Gospel of Loki by Joanne M Harris

61maar5m2bel-_sx327_bo1204203200_Just a quick post on this one:  It’s basically a fairly straight retelling of Norse myths, but with Loki as a cocky teenager.  The underlying myths are fun, so there is a certain amount of enjoyment in reading them again, but I can’t really get past Asgard as the “popular crowd” or Fenris as a stroppy teenage son.  It’s definitely a different take on it, and Harris does make the style just about fit, but it feels a bit half baked.

Compared to other modern takes on these myths and characters like AS Byatt’s Ragnarok or Neil Gaiman’s American Gods, the Gospel of Loki is very straightforward – it’s just the old narrative with a twist in perspective.  Seeing the various legends worked in is nice, but the characters around it are one dimensional and the style quickly grates.  It might work with more humour, but there isn’t much beyond Loki’s occasionally sarcasm.  For me, it isn’t really enough to make it work.

Plotinus or the Simplicity of Vision by Pierre Hadot

Plotinus has popped up a few times recently in my current reading (and listening).  He was a bit part of The Climax of Rome by Michael Grant that I posted on, underpinning much of the introspective shift in culture in third century Rome.  He was portrayed as instrumental in the intellectual development of Augustine in Robin Lane Fox’s superb biography Conversions to Confessions.  And I have been thoroughly enjoying Peter Adamson’s podcast The History of Philosophy (Without Any Gaps), in which his work also plays a major role.

However, through all that, I found Plotinus hard to pin down.  There is a big element of mysticism in his philosophy and it is difficult to tell how to take it, and how his contemporary and successors would have received it.  Pierre Hadot‘s short book is a great introduction to the man (what little we know of him) and his work.  In particular, Hadot manages to portray Plotinus as a teacher who was offering a spiritual way of life.

Basing his work on that of Plato and Aristotle, the pagan Plotinus developed ideas that would soon find their way into early Christianity.  His spiritual exercises and warnings against too much focus on earthly matters seems distant, but Hadot also shows a man who was grounded enough to join Gordian‘s invasion of Persia (in an attempt to learn more Eastern philosophy), teach lively classes with a wide range of influential students (there was even talk of the emperor Gallienus letting him start a Platonic city!), and show great kindness and awareness of those around him.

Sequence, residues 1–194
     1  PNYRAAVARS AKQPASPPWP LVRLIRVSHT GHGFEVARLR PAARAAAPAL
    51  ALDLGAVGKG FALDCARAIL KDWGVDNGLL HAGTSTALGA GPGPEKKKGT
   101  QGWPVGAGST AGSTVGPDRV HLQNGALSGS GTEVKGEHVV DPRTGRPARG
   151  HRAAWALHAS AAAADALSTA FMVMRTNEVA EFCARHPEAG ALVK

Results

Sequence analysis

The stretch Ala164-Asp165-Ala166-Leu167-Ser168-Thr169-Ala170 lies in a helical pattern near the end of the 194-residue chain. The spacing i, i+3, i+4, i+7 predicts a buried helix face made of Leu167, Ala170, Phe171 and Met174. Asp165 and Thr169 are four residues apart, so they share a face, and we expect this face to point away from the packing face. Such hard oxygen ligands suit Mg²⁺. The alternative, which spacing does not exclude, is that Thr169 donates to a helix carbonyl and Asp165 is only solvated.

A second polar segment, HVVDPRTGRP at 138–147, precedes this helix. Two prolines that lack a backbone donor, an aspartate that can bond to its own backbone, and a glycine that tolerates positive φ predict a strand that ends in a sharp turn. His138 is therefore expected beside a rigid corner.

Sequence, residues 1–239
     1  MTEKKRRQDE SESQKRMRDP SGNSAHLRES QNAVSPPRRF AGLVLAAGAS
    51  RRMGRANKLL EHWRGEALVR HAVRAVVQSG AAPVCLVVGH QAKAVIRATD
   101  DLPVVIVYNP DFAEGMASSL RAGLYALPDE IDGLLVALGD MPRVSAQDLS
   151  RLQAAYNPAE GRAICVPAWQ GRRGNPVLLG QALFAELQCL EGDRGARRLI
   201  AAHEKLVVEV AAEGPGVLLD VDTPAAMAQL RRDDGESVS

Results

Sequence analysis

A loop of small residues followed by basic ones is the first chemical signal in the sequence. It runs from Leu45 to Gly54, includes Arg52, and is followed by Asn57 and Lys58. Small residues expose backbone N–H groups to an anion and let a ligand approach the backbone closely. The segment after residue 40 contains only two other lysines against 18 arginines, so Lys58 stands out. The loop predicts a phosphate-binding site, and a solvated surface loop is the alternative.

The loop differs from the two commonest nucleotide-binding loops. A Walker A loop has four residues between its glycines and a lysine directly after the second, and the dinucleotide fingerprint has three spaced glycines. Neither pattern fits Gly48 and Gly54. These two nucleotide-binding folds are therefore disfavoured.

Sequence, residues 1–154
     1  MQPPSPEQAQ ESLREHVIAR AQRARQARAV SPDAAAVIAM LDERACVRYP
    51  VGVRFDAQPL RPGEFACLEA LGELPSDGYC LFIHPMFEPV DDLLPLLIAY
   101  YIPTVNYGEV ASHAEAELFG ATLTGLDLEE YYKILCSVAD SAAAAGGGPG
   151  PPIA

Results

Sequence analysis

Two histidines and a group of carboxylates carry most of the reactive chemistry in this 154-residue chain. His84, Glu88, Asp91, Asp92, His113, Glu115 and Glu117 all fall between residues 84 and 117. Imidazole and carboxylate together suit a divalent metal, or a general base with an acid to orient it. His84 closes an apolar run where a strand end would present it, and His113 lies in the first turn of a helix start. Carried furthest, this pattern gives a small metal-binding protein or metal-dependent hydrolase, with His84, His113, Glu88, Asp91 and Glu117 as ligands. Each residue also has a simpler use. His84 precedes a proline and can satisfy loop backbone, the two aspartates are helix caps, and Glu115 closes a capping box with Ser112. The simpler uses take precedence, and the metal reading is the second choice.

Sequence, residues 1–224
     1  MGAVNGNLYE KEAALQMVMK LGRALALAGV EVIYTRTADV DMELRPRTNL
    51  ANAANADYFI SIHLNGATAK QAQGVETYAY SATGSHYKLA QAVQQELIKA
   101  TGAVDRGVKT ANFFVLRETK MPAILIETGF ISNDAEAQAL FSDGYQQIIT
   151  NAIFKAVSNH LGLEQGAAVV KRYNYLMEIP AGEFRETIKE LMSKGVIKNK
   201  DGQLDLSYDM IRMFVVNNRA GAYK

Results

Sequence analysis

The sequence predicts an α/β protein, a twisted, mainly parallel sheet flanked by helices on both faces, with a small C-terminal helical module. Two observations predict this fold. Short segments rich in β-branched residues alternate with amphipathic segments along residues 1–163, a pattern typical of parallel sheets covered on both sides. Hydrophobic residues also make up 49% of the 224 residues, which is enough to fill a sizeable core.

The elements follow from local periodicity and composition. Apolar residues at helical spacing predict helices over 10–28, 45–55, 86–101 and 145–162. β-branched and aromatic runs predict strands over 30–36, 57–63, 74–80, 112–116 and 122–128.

Hadot’s enthusiasm and admiration for Plotinus’ (and his student Porphyry’s) writing shines through, and although the book is a mere hundred pages I finished it with a lot more appreciation for the culture that surrounded these neo-Platonic thinkers.

The Empire Stops Here by Philip Parker

Subtitled A Journey Along The Frontiers of the Roman World.  Author Philip Parker describes the borders of the Roman Empire region by region, giving detailed descriptions of Roman settlements and the history associated with the region.  The initial chapters focusing on the Britannia and Germania are a bit of a blur of forts and long drawn out wars with raiders.  Further east and round the Mediterranean, however, things improved as Parker describes the clash of cultures and changing Roman military fortunes 51ymhrzutkl-_sy344_bo1204203200_with great colour.

Unfortunately I’d hoped for more of a travelogue in the style of William Dalrymple or Tim Mackintosh-Smith.  Parker has clearly viewed most of the remains himself, it shows in the vividness of his descriptions, but the few tales of modern travel that he tells add wonderful texture to the historical detail – being prevented entering a Bavarian forest by 21st century “barbarians” with hunting rifles, for examples.  It feels like a little bit of a missed opportunity.

There are various themes running through the book, archaeological evidence of religious changes reoccurs  – particularly the personal mystery cults, like Mithras or Isis, popular in the third century.  On the whole however, it can feel a little bit mixed up.  You could definitely learn a lot about the later Roman empire here, but it’s far from conventional in order.

Overall there is a grand sense of scale.  The photographs included in the book are beautiful and the detailed geographical descriptions bring the sheer size and variety of the empire into focus.  The sites that I am familiar with are there – the remnants of Roman Cologne, the Saxon Shore defenses on the south coast of England – and they are almost as impressive on page as they were in reality.  The sites that I have not visited (most it, to be honest!) are just moved further up my internal list of holiday ideas.

The Climax of Rome by Michael Grant

I’ve read a few of Michael Grant‘s books now, and this one begins in typical fashion.  Grant gives a brief overview of the history of the period (in this case, the Roman Empire from Marcus Aurelius to Constantine) before discussing the changes in architecture and art during that era.  His thesis is that the third century, often seen as nothing more than a period of military emperors, chaos and decline, is in fact a fascinating series of gradual changes – and not necessarily for the worse.

The first part of the Climax of Rome is a bit of a mixed bag.  The changes in artistic style are interesting, but the chapters come across as slightly disjointed with sudden jumps between eras (the book does cover a long period of time).  The military and political history (often the focus in this period) is rather skimmed over.  This all comes to make sense later.